As one year ends, and another opens, two pieces of news from Afghanistan catch my eye.
The first is a story in the New York Times of 2 January: that poppy cultivation is dramatically down in the areas of Helmand most intensively policed by NATO, but that that the industry has simply been displaced to other areas, and is likely to resume in central Helmand once NATO leaves.
The other is that, on Friday 30 December, a 19 year old soldier, Private John King of the Yorkshire Regiment, died in a mine explosion in Helmand – the 394th British serviceman to be killed during the ten years of war in Afghanistan.
In their different ways, these two stories go to the core of my concern about the Western military campaign in Afghanistan: that our soldiers are indeed delivering success; but that there is still no serious strategy for ensuring that their achievements are more than just local and temporary suppression of a much deeper disease of disorder and deprivation; and that, without such a strategy, when we cease combat operations just over two years from now, the still-grieving families and friends of the fallen will soon see that their loved ones’ sacrifice was largely in vain.
None of this is new. None of it surprising. All of is wholly familiar to any objective observer of Afghanistan. Most of it is plain common sense.
And yet those responsible for conducting the campaign, in America, in Europe and on the ground, still continue to pretend that another two or three years of Western military manoeuvres in Afghanistan will somehow be enough to make the country stable enough for it to be secured by the newly trained Afghan National Security Forces. A war which is costing American taxpayers over $120bn a year, and British tax payers getting on for £6bn a year, has become an embarrassment – to be ignored whenever possible, but, when it intrudes, to be treated with the tired old platitudes which have been used to dull discussion for the past five years at least.
What breaks my heart is none of the political or military leaders who, when pressed, proclaim progress is being made, while challenges remain, actually believes his or her own rhetoric. All of them know that Afghanistan cannot be stabilised without a new political settlement, bringing together all the internal parties to the conflict, as well as the regional powers. Each is painfully aware that, without engaging Pakistan, and probably India and Iran as well, there can be no real settlement in Afghanistan. Each sees that, in less than three years from now, the Afghan state, in so far as it exists, won’t have either the resources or the will to stabilise its own territory – unless by then there is a serious peace to keep. Each understands that Afghanistan’s problems are, at root, political, not military.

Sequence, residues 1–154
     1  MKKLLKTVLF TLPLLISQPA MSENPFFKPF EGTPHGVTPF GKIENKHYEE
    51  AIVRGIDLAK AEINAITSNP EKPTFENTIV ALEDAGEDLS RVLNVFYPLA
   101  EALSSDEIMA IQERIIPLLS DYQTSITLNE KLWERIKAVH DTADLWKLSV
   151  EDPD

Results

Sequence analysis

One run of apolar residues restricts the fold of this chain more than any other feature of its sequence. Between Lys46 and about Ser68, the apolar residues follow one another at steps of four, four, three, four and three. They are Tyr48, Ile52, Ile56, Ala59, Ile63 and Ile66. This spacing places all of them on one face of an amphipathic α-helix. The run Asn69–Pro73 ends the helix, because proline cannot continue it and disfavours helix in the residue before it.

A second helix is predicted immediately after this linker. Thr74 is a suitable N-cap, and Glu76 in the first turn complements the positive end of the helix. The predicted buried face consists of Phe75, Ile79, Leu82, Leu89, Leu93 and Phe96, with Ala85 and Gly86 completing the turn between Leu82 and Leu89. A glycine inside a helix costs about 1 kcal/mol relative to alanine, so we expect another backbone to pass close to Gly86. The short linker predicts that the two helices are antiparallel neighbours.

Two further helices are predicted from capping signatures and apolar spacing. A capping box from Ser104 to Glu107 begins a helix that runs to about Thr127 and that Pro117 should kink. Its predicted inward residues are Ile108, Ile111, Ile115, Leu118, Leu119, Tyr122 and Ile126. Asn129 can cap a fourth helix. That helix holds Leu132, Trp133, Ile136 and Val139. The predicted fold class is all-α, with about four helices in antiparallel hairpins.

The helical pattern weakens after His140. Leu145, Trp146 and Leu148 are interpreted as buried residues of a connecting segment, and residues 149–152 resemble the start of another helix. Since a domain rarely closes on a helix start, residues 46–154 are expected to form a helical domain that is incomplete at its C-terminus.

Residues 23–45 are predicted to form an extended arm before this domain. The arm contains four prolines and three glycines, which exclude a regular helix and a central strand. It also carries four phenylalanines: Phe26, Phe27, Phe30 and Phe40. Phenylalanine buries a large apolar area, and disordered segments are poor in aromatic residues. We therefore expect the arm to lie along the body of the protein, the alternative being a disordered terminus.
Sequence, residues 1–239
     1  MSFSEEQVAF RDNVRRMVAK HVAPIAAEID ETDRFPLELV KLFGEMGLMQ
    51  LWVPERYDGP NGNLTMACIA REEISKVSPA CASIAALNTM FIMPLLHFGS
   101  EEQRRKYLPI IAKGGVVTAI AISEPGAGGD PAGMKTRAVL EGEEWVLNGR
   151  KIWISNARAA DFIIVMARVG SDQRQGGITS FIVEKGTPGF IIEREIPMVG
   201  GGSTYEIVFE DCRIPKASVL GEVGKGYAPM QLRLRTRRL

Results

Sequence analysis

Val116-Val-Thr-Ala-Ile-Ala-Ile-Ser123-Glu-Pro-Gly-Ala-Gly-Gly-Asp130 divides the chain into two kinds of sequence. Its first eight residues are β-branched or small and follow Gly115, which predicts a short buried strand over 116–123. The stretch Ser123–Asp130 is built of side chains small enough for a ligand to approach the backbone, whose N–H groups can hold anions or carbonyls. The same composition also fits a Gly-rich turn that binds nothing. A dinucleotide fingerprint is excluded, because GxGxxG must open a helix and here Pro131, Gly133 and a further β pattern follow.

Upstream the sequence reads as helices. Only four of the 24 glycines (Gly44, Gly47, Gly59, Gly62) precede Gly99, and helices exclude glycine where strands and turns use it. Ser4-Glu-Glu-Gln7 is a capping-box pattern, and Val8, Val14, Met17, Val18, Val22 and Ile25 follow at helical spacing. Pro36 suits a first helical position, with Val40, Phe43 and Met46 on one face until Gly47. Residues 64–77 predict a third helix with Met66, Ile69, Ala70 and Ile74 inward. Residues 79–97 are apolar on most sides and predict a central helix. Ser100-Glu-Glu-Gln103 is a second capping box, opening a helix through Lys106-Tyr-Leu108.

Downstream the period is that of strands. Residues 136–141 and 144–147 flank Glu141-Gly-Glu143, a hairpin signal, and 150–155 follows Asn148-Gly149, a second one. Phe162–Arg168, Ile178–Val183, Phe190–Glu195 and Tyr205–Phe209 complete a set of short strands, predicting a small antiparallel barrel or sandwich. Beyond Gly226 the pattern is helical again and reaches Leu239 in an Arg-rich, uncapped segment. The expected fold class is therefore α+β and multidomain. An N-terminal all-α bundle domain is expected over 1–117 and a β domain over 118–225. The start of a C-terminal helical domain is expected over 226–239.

And yet we carry on, with the big pretence that somehow the campaign is working, that the present approach will be enough, that military tactics without a serious political strategy will over the next two years deliver a stable Afghanistan, able to secure and govern itself.
As I point out in the new After Word to the paperback edition of my book, Cables from Kabul, to be published next month, we carry on because, in the short term, it is less trouble. We carry on for the same reason that the Kennedy Administration said publicly that sending small numbers of military advisers to South Vietnam was enough, even when none of those responsible for that “strategy” actually believed in it.
Which brings me back to Private King, and the miserable New Year his family and friends must have had. Brave young men and women like him should of course be sent to fight and die for their country with the best equipment. But what saddens me most is that, after a decade of sacrifice in Afghanistan, we are still seeking the strategy for which their sacrifice is being made.
In 2012, the best tribute to the fallen would be for the political and military leaders of the campaign in Afghanistan devising and delivering the kind of strategy that would ensure that young men like Private King had not died in vain. And here at last there is a glimmer of hope. The Taleban’s announcement – on 3 January – that they had agreed to open an office in a third country, probably Qatar, to allow dialogue with the Americans to begin, was all the more welcome for having been so long overdue. It is only a first small step on a very long road. A road that will have to pass through Islamabad, as well as Delhi and Teheran and many other cities. But it is nevertheless the best news to have come out of Afghanistan in many months.
Sir Sherard Cowper-Coles is an Honorary Professor in the School of Politics and International Relations. During 2007-9 he served as ambassador to Afghanistan; and from 2009 to 2010 he was special representative of the UK Foreign Secretary to Afghanistan and Pakistan.